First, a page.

Are you a member of WBCCI. Some of the best used vehicles I have seen are sold by WBCCI members who are reducing their traveling.

Best of luck on your search.
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Old 09-02-2004, 11:13 PM   #9
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Hi Kathy,

First of all - stay away from dealers. In that price range, you are giving them a couple of thousand dollars that could be better spent on a more reliable or newer vehicle. And they won't warranty anything anyway. Buy from a private party, preferably someone affiliated with a group you belong to, (church, Airstream club, etc) so they are less likely to screw you and know they will see you again.

Second, take your time - DO NOT RUSH INTO THIS. Drive some trucks so you have a feel for how they run and maneuver. A dually crew cab will be HUGE and impossible to park in cities. Maybe that isn't an issue for you, but I know personally I hate driving my F250 in town, and its only a supercab shortbed (but those mirrors!). Diesels can be noisy and smell, and drive differently. A 4x4 may sit too high for you. Generally you will get more for your money in a pickup, but as someone mentioned, in some areas they are used for real work and can be beat.

Lastly, try to stay in the 1995 and newer range. There were problems prior to that, especially with Ford and Dodge automatic transmissions. Their manuals are great, though, as are most in the HD 3/4 tons. Four wheel drive will add 2-3k to the cost so if you don't need it don't get it. An extended cab will also cost more but is nice for storage. Also make sure you are getting a heavy duty 3/4 ton, not light duty. Look for 8-lug wheels. As an example of what you can find out there, I recently sold a very heavy duty regular cab 1995 3/4 ton Chevy 4x4 with 120k for $6500. It was strong and had a lot of work miles left in it. A truck with 175k is worn out unless it is a diesel, and on those you better get receipts, especially Ford. If the additive isn't used in the cooling system they can have major problems. As someone mentioned, get to know a good mechanic.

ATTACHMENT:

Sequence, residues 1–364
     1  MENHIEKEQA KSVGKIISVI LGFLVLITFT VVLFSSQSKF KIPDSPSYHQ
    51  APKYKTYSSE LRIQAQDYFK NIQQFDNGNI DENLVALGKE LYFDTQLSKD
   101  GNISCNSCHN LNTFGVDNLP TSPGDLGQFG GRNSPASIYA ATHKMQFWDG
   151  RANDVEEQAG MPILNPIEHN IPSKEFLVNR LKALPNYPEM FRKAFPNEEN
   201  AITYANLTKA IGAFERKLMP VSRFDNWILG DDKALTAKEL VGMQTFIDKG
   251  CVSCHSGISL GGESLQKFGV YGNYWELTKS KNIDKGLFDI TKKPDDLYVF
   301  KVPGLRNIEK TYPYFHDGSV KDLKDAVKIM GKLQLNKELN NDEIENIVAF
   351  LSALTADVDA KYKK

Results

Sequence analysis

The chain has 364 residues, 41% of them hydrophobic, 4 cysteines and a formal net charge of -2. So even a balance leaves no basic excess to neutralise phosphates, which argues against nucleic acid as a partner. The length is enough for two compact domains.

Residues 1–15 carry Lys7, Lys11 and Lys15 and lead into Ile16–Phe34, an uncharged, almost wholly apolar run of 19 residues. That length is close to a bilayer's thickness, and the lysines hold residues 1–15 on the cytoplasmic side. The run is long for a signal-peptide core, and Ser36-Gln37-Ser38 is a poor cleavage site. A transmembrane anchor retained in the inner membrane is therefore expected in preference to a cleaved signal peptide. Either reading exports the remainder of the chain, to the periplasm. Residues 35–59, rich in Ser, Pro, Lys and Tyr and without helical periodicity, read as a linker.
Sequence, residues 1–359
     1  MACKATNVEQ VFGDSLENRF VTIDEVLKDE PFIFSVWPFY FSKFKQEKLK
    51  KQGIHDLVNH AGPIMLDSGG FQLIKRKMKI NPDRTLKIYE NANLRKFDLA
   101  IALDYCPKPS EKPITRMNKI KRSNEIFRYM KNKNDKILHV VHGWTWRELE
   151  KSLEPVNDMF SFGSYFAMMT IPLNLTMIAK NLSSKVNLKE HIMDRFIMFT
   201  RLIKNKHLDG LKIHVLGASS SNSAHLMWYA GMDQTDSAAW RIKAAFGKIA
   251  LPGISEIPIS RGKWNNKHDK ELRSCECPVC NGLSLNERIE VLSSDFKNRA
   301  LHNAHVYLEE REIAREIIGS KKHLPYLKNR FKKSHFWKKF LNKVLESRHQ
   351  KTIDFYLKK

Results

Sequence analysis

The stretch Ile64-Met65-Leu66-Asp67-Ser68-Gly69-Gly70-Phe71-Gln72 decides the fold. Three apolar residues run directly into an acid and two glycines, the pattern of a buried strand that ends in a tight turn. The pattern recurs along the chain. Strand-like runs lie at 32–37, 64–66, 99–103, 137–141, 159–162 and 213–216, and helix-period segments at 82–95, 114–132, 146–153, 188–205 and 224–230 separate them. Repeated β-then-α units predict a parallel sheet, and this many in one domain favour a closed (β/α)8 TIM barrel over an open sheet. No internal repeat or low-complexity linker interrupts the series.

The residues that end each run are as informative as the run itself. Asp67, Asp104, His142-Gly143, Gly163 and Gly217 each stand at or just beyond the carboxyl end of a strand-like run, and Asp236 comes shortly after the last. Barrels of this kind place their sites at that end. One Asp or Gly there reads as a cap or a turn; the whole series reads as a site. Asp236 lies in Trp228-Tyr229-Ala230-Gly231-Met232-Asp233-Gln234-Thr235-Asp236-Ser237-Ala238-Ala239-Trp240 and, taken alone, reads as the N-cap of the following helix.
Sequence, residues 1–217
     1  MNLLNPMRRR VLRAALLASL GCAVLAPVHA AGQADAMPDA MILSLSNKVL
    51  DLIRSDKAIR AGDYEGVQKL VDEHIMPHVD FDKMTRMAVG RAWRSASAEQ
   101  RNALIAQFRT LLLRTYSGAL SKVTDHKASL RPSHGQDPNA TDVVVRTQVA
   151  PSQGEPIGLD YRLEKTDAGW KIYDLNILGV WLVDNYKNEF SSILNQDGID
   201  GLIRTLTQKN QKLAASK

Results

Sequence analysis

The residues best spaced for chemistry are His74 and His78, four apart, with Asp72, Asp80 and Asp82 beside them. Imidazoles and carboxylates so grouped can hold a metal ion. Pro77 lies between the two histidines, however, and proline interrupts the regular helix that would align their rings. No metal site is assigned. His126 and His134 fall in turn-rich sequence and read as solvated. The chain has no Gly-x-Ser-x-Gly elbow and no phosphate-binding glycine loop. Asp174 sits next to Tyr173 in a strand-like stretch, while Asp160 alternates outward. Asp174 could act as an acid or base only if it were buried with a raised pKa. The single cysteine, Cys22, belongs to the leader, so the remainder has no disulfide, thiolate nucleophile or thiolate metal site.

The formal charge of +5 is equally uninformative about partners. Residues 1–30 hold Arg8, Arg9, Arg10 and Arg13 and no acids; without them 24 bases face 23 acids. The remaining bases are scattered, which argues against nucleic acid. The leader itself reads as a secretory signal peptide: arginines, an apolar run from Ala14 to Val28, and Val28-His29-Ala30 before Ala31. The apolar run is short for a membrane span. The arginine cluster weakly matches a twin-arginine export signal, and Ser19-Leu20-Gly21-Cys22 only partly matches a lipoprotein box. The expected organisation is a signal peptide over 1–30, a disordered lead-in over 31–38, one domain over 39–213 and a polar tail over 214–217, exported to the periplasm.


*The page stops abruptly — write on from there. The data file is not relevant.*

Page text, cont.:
good luck, feel free to let us know what you are considering.

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Old 09-03-2004, 09:27 AM   #10
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Thanks you all of your help!

There is sure a lot I need to learn. And I will take my time. I don't have to move for another 3 years (that's when I want to move). I may buy a truck before that but I researched RVs for about a year before buying my Airstream. Of course, I wouldn't have anything but an Airstream anyway!

As I begin looking harder, I'll ask all of you more questions. But, of course, if you have anything to add at this time, please keep posting. I'm filing all your input into my Truck file. I want to be as much of an expert as possible when I find the right mechanic and seller. Thanks!
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Old 09-03-2004, 11:29 AM   #11
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I picked up my 88 454 Suburban for $5k and it just has rolled 84,000 original miles. They are out there if you look but I will warn you that anything over 10 years of age even with low miles may need some attention. As great of shape as the suburban is I still ended up spending $600 on it to get some stuff done. Shocks were wore out, It had a cooling problem that I eneded up putting a radiator in. Both the starter and the Alternator developed problems. That $600 was PURE parts. I do my own labor.


If Had to pick I really feel the F250 Super duty short bed crew with the Powerstroke deisel is the perfect tow vehcile. I have several friends with F250s and and F350s and they will move some weight no problem. Empty on the highway thos trucks can get 20mpg no problem. The best you can hope for out of any Gas vehcile with enough grunt to move your coach is goign to be about 13 empty so concider that when you buy. If your going to use this vehcile as your driver then the extra 8-10 mpg will add up fast and might make it worth buying a little newer and making some payments.